Well, I decided to break down and buy a new car (a 2010 Toyota Camry, not sexy but nice) for $15,500 so I’m back in debt but it’s different this time, really!
First let me say that I put down $5,500 on the car to make the amount that I’m in debt for equal to $10,000. There are two reasons I wanted my debt to equal $10,000
- I honestly believe that I can make a better return in investments (even with a small increase in the amount that I might pay in taxes next year).
- I wanted a simple number for reporting on in this blog. This was a minor factor, but still a factor all the same.
What you may or may not know is that I was debt free (including my mortgage) before buying this car. And actually I think I blogged about how nice it would be to never be in debt again.
So what changed my mind?
- With my excellent credit score (811 at the time of purchase), I was able to get an additional .5% of a percentage point off the interest rate for the loan. I believe it made the rate something like 2.5% for the loan.
- I’m pretty sure with just a little effort, I can buy investments that can beat that 2.5% interest rate that I would have to pay on the loan. With low-risk but optimistic investing and barring a market meltdown, I should be able to easily beat the 2.5% yield.
- I’m working on a strategy for three future car purchases spaced about 3 to 4 years apart. This future purchases will include a replacement vehicle for my wife, and two cars for my kids. Sounds like a lot, but most likely the two cars I buy for my kids will be used and the total of both will cost less than my wife’s replacement vehicle.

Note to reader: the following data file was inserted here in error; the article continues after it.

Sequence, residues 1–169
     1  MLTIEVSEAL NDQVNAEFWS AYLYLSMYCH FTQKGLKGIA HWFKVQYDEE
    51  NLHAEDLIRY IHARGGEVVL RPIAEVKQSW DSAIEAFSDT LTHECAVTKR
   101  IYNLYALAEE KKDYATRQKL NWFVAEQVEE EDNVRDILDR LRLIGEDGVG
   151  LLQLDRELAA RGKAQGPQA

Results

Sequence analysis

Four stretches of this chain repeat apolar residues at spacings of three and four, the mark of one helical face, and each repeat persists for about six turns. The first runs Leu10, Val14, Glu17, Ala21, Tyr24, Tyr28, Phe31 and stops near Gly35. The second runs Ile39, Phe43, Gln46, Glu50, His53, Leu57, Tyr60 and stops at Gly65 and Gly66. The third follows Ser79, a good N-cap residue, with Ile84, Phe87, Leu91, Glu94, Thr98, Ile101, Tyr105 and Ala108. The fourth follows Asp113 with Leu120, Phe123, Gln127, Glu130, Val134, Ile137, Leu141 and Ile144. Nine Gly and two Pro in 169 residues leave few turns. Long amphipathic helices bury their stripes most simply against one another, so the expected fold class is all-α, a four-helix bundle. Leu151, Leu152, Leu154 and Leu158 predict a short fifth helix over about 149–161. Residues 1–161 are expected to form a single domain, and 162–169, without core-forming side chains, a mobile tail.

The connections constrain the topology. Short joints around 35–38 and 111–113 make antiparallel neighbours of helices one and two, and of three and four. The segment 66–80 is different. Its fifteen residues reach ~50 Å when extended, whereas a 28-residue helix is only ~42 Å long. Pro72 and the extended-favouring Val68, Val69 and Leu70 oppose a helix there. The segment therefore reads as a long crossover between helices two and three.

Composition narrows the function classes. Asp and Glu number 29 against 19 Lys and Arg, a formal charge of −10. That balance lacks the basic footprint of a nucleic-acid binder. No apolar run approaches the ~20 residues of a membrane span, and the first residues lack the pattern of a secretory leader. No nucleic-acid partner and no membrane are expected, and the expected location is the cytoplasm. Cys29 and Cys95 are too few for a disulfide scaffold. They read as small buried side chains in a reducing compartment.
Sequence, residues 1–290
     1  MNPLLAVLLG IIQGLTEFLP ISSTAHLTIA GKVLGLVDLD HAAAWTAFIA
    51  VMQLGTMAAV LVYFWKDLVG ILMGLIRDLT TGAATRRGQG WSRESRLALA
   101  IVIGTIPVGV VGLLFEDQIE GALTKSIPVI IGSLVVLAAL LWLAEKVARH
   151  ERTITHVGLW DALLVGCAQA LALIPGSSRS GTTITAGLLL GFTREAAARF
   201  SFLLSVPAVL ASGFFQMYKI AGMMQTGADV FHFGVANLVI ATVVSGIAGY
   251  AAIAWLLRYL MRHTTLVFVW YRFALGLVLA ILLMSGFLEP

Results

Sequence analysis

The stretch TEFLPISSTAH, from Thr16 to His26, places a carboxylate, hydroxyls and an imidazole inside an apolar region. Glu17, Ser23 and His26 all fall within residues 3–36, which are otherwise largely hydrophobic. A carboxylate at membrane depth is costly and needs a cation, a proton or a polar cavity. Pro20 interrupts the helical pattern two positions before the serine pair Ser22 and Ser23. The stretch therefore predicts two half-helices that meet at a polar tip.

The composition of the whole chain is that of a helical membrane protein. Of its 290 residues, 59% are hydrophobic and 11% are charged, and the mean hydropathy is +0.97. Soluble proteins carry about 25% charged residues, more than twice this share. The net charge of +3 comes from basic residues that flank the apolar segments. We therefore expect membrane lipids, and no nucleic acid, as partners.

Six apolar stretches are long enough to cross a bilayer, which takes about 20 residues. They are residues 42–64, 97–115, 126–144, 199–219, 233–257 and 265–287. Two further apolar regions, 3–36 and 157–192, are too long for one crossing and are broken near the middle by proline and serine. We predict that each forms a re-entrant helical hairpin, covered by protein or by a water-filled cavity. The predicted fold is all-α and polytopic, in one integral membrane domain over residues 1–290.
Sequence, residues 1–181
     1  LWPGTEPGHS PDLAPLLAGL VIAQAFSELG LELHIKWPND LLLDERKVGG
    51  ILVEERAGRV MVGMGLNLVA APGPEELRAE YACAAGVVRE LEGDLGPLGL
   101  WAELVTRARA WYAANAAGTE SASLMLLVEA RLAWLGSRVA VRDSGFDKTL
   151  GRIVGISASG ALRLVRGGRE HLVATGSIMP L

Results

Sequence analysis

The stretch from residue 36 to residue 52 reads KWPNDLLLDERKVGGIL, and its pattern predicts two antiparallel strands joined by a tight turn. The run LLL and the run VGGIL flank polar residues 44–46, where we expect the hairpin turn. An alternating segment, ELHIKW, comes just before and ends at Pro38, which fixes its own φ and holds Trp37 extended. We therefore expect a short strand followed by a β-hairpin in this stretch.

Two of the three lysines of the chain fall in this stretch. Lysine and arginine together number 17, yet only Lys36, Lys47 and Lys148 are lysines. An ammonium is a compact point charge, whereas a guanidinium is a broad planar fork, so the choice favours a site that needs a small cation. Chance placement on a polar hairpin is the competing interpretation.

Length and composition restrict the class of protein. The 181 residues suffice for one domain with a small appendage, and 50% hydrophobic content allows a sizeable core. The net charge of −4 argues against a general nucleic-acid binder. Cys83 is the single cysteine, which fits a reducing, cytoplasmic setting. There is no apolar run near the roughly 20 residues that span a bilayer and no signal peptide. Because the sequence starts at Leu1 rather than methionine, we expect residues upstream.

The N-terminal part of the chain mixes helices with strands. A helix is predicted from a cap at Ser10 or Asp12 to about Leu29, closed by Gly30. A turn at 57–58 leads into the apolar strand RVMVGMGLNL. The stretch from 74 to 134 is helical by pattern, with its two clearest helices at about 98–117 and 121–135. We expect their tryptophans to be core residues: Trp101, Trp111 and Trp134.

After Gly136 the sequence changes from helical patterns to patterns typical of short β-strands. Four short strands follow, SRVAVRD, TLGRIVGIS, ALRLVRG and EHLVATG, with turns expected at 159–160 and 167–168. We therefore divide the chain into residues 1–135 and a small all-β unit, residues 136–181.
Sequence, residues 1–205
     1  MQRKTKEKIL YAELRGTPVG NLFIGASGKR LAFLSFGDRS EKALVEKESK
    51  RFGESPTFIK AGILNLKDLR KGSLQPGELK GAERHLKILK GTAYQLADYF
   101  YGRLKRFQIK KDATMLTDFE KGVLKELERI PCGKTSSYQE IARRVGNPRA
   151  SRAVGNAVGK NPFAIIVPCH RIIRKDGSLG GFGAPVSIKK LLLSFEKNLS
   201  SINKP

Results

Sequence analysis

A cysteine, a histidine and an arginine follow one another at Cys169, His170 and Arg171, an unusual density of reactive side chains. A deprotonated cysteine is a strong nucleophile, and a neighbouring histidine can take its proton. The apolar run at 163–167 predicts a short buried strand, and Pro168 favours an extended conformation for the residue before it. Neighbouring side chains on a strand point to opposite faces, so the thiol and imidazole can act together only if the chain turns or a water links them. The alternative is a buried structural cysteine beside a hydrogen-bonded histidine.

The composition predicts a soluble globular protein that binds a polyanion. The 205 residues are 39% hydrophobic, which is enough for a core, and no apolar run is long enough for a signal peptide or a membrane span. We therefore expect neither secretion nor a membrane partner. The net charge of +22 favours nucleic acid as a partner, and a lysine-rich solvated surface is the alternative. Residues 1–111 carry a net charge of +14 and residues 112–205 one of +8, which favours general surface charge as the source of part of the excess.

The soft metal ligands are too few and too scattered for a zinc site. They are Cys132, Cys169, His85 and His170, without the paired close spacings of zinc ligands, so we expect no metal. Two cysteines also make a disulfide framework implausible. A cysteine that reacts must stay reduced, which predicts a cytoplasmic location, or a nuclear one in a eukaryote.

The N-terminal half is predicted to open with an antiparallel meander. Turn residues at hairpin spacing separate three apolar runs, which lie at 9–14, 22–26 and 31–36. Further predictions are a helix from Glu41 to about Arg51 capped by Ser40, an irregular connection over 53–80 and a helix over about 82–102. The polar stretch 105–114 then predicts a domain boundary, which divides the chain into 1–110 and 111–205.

- If you are financially oriented (like me), sometimes taking on debt for other financial opportunities makes sense and can be the more prudent route. This might sound a bit odd coming from a guy that paid off his house in about 11 years, but it’s all simple math.
Here’s the kicker, I could have bought my car outright from money that I had in my investments. Actually, the money was even sitting in cash, so I wouldn’t have even had to incur any capital gains tax on any investments that would have been sold.
So if I had the 10k sitting around doing nothing… what am I going to do with it to make use of it instead of paying off my car? Ah, that’s the question! Currently, I’m leaning towards investing in a safe solid utility company that pays out a respectable dividend. But in the mean time, it’s still sitting in cash.
After I find out the new tax rates on dividends, I’ll make a move at that point in time. This entire process if evolving and will change dramatically in the next few months. Stay tuned!